Friday, 30 October 2009

clicked conundrums

Eureka moments...

Something clicked this week when going to the studio to paint. What was it I wonder?
Weeks or months of looking and pondering looking and pondering then
by the second day I had painted renewed and rejuvenated 12 paintings that had been sitting idly in the studio, generally not going anywhere by the look of them all.

Not saying they're going anywhere now mind.

But together they all look part of a body of work, rather than this and that.

Some I still might want to do bits to, nothing major.

But maybe they are finished.

I also got to tackle the two bigger canvases (see Sept posts) which was thanks to the smaller ones.
Sometimes when looking for what to do next you are too busy focusing what is up ahead that might be noisy and colourful, when maybe the simple thing next to you under your nose is the right choice to make.
If I knew it was there sooner would I have acted sooner ? The simple things are hardest to notice when you are busy trying to look for something.

All assumptions of course and proof is in the looking.

Thursday, 29 October 2009

half term break

Mo and Jims house in Ireland

ramble on

Hooray - studio time - lets go.

Starting with this:
I harbour many approaches to making a painting, but perhaps central is my exploration of the relationship of paint with surface. Mostly I am interested in the potential of orderless marks in the whole painting process, taking each painting as far as it will go. Drawings and photographs are randomly selected and referred to in an ambiguous way, but can give vital reference points in navigating the course of the paintings' construction.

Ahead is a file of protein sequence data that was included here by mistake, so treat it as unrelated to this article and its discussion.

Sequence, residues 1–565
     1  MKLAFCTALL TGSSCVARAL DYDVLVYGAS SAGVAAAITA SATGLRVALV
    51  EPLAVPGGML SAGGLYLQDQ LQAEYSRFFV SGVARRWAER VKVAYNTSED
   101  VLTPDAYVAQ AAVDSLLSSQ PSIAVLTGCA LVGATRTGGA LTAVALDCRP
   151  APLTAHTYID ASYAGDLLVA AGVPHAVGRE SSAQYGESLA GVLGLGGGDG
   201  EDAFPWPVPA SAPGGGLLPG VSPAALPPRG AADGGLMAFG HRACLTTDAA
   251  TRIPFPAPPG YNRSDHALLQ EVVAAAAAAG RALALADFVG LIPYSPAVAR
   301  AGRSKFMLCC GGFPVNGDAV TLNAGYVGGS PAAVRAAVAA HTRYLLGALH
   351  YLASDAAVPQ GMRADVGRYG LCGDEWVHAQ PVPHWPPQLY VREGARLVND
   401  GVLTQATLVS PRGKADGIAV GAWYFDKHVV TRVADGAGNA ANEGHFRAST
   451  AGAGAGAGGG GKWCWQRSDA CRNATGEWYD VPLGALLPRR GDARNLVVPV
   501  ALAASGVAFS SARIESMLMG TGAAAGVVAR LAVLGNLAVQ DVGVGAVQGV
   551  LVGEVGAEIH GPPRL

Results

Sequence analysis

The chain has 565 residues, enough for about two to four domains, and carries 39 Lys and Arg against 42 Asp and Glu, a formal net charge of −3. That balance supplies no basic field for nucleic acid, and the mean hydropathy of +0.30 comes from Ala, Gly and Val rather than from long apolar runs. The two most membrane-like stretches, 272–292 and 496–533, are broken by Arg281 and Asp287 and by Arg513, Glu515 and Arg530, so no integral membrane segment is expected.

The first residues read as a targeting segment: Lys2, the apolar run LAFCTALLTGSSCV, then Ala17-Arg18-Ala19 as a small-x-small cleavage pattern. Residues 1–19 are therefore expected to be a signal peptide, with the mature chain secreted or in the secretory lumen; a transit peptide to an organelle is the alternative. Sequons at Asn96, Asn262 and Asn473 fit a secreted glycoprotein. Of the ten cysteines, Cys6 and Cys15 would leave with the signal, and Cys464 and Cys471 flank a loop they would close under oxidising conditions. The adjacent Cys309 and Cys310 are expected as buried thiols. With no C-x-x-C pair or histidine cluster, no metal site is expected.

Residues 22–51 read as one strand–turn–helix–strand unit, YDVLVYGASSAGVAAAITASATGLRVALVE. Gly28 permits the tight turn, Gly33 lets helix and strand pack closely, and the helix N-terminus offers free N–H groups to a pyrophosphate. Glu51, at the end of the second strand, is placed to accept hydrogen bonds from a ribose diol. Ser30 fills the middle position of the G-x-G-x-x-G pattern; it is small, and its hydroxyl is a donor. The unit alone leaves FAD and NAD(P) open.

June 2009

To this:

Adopting strategies is key for the continuation of making. No single plan or strategy dominates or a set formula adhered to.
Any method discovered in the making of the painting is used and or tested but may not take the painting all the way to its final conclusion.

There is a drive to take the painting as far as it will go, to explore all possibilities. This seems to be the key objective that is consistent with my work.

Often paintings will fall by the wayside and be put aside in the studio for long periods of time.

Sometimes they may declare themselves finished before they really are.
At each stage of the painting consideration is given to its status.

The paintings are layered and I often use masking tape to cover specific areas before applying an allover coat onto the surface. This is just a way of masking or blocking.
The shape of the piece of tape torn off is just like the mark of the brush from the gesture.
Some areas on the surface become textured and built up. When layers are added.
Some paintings have begun as collage, built up cut up canvas or board pieces on MDF.

Figurative elements that get thrown up in the process of applying paint is an accidental thing and does not aim to have significance, but may play significance in the piece for the short term.
It will often act as something to go against.

Good bits of painting, areas that work compliment or contrast or happy accidents are lost or painted over for the good of the whole painting.

The painting as a whole will be considered before this happens, so the plane or surface on the painting is the reel of film and so the 'editing' occurs with the use of the masking tape on the chosen areas.